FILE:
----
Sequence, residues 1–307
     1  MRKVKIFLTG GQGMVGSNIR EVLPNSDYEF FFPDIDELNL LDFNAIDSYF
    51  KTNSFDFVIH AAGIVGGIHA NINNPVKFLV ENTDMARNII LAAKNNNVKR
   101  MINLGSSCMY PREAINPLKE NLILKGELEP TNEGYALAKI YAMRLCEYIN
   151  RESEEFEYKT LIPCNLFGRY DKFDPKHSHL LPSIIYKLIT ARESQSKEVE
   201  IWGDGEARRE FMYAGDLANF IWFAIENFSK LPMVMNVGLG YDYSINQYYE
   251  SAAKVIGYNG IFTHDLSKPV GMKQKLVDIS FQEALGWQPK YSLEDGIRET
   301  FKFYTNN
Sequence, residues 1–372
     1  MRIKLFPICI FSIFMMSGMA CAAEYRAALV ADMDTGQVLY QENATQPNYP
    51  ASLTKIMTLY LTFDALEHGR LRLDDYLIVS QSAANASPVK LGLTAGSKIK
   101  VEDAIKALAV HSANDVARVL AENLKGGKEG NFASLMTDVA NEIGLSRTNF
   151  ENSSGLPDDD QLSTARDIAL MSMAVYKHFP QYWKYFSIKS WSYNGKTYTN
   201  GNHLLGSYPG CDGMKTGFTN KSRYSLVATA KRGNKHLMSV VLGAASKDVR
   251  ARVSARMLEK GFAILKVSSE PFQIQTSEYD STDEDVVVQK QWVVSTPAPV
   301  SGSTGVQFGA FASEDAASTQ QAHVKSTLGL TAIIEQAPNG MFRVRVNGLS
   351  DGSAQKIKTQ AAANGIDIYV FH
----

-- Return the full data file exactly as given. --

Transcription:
Sequence, residues 1–307
     1  MRKVKIFLTG GQGMVGSNIR EVLPNSDYEF FFPDIDELNL LDFNAIDSYF
    51  KTNSFDFVIH AAGIVGGIHA NINNPVKFLV ENTDMARNII LAAKNNNVKR
   101  MINLGSSCMY PREAINPLKE NLILKGELEP TNEGYALAKI YAMRLCEYIN
   151  RESEEFEYKT LIPCNLFGRY DKFDPKHSHL LPSIIYKLIT ARESQSKEVE
   201  IWGDGEARRE FMYAGDLANF IWFAIENFSK LPMVMNVGLG YDYSINQYYE
   251  SAAKVIGYNG IFTHDLSKPV GMKQKLVDIS FQEALGWQPK YSLEDGIRET
   301  FKFYTNN
Sequence, residues 1–372
     1  MRIKLFPICI FSIFMMSGMA CAAEYRAALV ADMDTGQVLY QENATQPNYP
    51  ASLTKIMTLY LTFDALEHGR LRLDDYLIVS QSAANASPVK LGLTAGSKIK
   101  VEDAIKALAV HSANDVARVL AENLKGGKEG NFASLMTDVA NEIGLSRTNF
   151  ENSSGLPDDD QLSTARDIAL MSMAVYKHFP QYWKYFSIKS WSYNGKTYTN
   201  GNHLLGSYPG CDGMKTGFTN KSRYSLVATA KRGNKHLMSV VLGAASKDVR
   251  ARVSARMLEK GFAILKVSSE PFQIQTSEYD STDEDVVVQK QWVVSTPAPV
   301  SGSTGVQFGA FASEDAASTQ QAHVKSTLGL TAIIEQAPNG MFRVRVNGLS
   351  DGSAQKIKTQ AAANGIDIYV FH